When members of Ujamaa wanted to host an event focusing on the takeover of Fisk Hall in the late 1960’s, they used the Alumni and Parents Speakers Network (APSN) to get Evans Jacobs ’73 to speak on his role in the takeover. Likewise, when Psi Chi, the University’s chapter of the National Psychological Honors Society, was looking to find a speaker on career opportunities for Psychology majors, the APSN helped it locate Raphael Ornstein ’82, a child psychologist.

Initiated in the fall of 2006, the APSN serves as a resource for students in search of guest speakers within the broader Wesleyan community. This service allows students to connect with parents and alumni who are willing to share their talent and expertise with students.

“The program provides opportunities for networking between students and Wesleyan parents and alumni—everyone benefits,” said Assistant Vice President for Alumni and Parent Relations Gemma Ebstein.

Although parents and alumni have spoken at the University countless times before, the network’s creators believe that better organization would facilitate the process, as well as augment the number of student groups utilizing the extended Wesleyan community for support.

Rather than publish a list of parents and alumni, which would have to be updated multiple times per year, the APSN handles inquiries on an individual basis, working directly with students and faculty to find the speakers they need. Not only does the network locate alumni and parents in a particular area of interest, it will also work with students to organize a panel of speakers for collaborative events.

“Depending on the type of speaker, these programs can stimulate lively conversations about controversial topics, as well as inform students of world issues,” Ebstein said.

Another benefit of taking advantage of the University’s network is the low cost. According to Gail Briggs, associate director of alumni programs, parents and alumni are more than eager to return to the University, and, as a result, often speak free of charge.

“As a resource, [the network] doesn’t have a budget to pay speakers,” said Briggs. “But we work with faculty and students to help them find ways to cover miscellaneous expenses connected with guest speakers, such as meals or, in some cases, overnight accommodations, steering them to other sources, such as academic departmental funds or support from the Office of Student Activities and Leadership Development [(SALD)].” Last year, the AIDs and Sexual Health Awareness (ASHA) group utilized this network, which enabled them to find Dr. John Coffin ’66, P ’00, a professor of microbiology at Tufts University and the director of HIV Drug Resistance Program at the National Cancer Institute in Frederick, Maryland, who came to campus to give an update on AIDS research.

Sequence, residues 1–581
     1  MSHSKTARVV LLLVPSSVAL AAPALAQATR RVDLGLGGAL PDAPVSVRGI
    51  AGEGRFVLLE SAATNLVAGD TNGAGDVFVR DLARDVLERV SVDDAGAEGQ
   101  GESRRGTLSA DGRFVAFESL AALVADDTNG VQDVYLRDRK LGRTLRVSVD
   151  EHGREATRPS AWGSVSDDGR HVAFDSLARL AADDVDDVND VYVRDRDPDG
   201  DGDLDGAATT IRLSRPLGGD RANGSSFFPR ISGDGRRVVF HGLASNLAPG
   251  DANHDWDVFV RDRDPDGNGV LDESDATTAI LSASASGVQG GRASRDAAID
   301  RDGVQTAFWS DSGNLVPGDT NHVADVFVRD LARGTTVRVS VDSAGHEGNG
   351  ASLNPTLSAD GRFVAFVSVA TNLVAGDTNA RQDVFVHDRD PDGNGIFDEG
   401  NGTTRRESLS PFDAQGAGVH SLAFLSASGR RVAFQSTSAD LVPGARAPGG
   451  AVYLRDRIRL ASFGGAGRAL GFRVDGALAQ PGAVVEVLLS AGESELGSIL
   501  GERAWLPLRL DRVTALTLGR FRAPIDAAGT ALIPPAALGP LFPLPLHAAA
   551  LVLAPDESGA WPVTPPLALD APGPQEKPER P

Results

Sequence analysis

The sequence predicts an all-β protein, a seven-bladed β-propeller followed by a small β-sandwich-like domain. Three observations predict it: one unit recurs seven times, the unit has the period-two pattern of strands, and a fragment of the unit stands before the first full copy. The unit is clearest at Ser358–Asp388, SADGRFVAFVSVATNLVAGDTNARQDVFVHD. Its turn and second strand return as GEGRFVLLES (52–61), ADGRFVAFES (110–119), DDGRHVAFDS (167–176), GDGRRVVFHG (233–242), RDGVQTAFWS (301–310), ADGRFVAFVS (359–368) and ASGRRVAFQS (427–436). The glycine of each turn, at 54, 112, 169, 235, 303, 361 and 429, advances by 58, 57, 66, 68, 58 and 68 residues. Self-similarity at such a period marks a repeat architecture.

“We found [the network] easy to work with, and helpful,” said Lily Walkover ’09, a member of ASHA.

Walkover did note, however, that ASHA wasn’t completely satisfied with ASPN.

“They didn’t ask for much detail on what we wanted, or give much background on the prospects,” she said. “Although the speaker was great, a little more background ahead of time would have helped everything go more smoothly.”

Students who are interested in lining up a speaker can begin by visiting Timothy Shiner, director of student activities and leadership development. He works with students to complete a Speaker Request Form, which is then sent to Gail Briggs for a custom speaker search, based on extensive knowledge of the expertise of alumni and parents.

After reviewing possible speakers with the students or groups involved, an invitation is extended. Once the speaker commits and the basics of event coordination are reviewed with students, responsibility for the program is handed over to the students.

According to Briggs, the network differs from the Career Resource Center.

“The speakers we provide are not necessarily speaking about career-related issues,” she said. “In many cases, they offer direct experience in a particular field of interest.”

In only its second year, the program has gone unnoticed by many student groups, but Briggs remains confident that this will soon change.

“Students are still getting acquainted with the network,” she said. “Over time, we hope the Wesleyan community will become better aware of this incredible resource.”

Briggs stressed that the network is a win-win model for both students and alumni and parents.

“It introduces students to the tremendous talent pool found in our alumni and parents, and also gives guest speakers the chance to meet current students and faculty and reconnect with Wesleyan,” she said. “The network provides a great opportunity to enrich on-campus programs, and to introduce alumni and parents to students and the campus community.”

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